By 10 a.m., we arrive at the Overholser Mansion in the Heritage Hills Historical Preservation District. An 11,000-square-foot, three-story Victorian-style home, this urban mansion was actually in the countryside when financier Henry Overholser built it in 1903. Full of original appointments, the first floor of the house “looks as if the family just stepped out for the morning,” my tour guide says. All tours are guided, and the first two floors, open to the public, reveal intricately stenciled, painted-on canvas walls and eye-popping light fixtures. On the second-floor landing, pause at the stained glass windows featuring two musically inclined women, a piece that Mrs. Overholser, who started the Ladies Orchestra League in the 1890s, commissioned.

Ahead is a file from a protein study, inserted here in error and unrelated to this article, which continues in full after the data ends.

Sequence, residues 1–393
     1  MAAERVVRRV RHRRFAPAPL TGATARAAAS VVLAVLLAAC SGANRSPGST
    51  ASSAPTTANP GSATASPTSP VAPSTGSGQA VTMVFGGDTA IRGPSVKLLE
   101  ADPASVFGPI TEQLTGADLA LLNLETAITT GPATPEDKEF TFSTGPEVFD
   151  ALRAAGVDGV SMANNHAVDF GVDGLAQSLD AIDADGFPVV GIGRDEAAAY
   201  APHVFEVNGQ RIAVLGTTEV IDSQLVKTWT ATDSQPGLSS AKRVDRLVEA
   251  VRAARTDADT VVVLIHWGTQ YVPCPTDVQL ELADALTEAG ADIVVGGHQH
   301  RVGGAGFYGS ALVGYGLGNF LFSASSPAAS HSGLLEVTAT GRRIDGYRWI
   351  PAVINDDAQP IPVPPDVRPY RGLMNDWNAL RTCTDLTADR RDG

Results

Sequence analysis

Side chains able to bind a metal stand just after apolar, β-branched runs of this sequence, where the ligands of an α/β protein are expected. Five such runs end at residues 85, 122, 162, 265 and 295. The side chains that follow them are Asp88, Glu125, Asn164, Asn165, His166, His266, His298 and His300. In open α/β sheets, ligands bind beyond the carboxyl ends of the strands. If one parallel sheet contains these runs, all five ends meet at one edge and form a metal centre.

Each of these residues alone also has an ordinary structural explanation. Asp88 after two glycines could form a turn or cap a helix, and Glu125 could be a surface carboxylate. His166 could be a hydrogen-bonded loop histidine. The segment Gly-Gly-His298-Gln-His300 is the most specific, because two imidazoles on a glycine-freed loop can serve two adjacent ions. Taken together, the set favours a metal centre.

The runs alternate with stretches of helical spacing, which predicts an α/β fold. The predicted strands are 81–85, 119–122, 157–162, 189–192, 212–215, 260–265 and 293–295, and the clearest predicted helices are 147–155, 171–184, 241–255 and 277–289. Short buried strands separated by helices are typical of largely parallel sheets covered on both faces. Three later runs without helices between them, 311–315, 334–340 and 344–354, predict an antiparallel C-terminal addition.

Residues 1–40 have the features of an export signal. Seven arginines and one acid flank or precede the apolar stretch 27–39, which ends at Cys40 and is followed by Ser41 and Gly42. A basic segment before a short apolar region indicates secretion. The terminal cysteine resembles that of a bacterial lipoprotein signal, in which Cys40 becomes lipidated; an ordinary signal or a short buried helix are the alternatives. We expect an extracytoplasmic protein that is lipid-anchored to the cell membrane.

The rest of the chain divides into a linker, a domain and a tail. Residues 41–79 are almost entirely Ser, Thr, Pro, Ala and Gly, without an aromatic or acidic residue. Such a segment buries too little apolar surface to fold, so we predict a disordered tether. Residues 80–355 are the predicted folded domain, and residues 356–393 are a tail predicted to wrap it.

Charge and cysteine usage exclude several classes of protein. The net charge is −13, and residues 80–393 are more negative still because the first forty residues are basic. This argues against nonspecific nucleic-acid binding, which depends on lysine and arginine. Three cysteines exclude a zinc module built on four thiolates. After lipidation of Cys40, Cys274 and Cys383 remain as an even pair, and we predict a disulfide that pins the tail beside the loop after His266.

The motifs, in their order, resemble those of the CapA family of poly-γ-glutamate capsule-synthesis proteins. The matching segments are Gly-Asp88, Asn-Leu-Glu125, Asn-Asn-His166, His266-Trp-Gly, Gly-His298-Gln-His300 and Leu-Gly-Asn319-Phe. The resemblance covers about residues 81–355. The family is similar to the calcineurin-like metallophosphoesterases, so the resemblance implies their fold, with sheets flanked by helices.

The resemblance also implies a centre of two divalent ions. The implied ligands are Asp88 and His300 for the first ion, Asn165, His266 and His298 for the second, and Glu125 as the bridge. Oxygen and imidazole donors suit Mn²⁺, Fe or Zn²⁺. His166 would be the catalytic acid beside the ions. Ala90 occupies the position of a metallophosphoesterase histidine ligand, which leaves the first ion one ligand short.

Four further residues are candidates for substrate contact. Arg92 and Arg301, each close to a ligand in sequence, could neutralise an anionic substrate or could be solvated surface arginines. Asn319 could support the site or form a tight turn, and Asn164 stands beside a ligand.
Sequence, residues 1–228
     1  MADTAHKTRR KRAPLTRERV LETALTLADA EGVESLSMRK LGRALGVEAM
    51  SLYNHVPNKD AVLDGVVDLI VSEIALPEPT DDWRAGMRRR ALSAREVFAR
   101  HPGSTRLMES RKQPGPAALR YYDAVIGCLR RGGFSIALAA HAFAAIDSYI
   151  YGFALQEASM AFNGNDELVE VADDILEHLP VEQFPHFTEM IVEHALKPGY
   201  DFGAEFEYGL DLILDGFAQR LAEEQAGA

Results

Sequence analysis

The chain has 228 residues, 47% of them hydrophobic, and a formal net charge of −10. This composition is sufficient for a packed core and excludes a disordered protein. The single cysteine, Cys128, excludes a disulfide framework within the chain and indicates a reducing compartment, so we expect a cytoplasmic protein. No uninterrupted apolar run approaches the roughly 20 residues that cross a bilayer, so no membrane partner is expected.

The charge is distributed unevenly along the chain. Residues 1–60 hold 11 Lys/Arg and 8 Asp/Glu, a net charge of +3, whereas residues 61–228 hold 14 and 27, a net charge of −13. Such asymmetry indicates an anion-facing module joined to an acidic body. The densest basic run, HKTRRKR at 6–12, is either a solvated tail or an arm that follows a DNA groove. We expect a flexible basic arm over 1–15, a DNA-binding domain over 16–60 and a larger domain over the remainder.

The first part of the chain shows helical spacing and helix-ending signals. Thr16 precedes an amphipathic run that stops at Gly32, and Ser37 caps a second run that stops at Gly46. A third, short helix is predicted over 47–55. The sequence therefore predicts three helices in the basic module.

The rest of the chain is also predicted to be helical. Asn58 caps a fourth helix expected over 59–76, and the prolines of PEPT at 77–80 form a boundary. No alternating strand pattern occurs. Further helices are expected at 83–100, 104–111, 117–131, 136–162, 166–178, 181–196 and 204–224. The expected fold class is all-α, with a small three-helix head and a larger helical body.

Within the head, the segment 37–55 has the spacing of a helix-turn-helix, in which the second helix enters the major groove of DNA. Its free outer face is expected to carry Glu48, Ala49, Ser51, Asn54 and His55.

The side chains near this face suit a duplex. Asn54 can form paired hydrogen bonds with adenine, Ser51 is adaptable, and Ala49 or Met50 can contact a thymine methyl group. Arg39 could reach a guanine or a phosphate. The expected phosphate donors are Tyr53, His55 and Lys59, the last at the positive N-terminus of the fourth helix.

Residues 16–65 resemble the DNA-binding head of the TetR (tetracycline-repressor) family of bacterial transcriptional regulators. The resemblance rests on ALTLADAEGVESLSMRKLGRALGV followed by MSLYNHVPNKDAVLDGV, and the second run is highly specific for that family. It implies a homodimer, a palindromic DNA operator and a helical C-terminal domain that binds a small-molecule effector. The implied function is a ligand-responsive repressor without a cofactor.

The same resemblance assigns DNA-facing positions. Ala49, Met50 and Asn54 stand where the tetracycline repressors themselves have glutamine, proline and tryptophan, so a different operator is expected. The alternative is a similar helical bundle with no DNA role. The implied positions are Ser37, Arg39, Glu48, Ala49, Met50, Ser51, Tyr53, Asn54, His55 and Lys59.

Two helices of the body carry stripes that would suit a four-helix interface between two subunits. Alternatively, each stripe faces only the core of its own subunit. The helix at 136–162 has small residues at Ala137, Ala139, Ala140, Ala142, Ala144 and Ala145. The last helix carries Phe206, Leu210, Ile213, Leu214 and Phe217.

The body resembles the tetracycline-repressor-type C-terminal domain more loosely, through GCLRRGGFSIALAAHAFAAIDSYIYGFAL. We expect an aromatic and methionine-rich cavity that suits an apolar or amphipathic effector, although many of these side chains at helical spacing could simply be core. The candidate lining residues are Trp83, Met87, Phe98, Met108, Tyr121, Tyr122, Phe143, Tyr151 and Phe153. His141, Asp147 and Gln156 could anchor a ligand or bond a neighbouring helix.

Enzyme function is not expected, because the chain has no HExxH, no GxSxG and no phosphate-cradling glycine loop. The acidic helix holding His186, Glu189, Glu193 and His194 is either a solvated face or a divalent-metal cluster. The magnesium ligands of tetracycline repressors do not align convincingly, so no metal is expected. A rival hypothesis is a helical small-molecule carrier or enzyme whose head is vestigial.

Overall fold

Next is a living, breathing mansion, the only one on our trip in which real people live their lives: Oklahoma governors and families. Open to the public most Wednesdays from noon to 2 p.m., the mansion’s imposing limestone Dutch Colonial-style exterior and Capitol-facing portico give way to a warm but still impressive 12-room residence. A major 1995 renovation makes the Oklahoma Governor's Mansion gleam.
Fiber is king here: Check out the drapes and carpets with lots of information woven into them and the needlepoint seat covers in the dining room. Watch out for the third step as you head to the second floor. It’s haunted, they say.
As a fitting end to our architectural adventure, we eat a late lunch at one of my Oklahoma City favorites. Only five minutes from the Governor’s Mansion, Cheever’s Cafe was once a flower shop. The atmosphere stems from its sweet-smelling former life. Now savory smells dominate, and its refrigerator cases hold wine, beer and desserts rather than roses.
A confetti-like chopped salad with black beans, tortilla strips, bleu cheese crumbles, roasted corn and more tossed in a creamy lemon vinaigrette makes my day. Meat eaters can go for the skirt steak flatbread sandwich or mixed seafood tamales.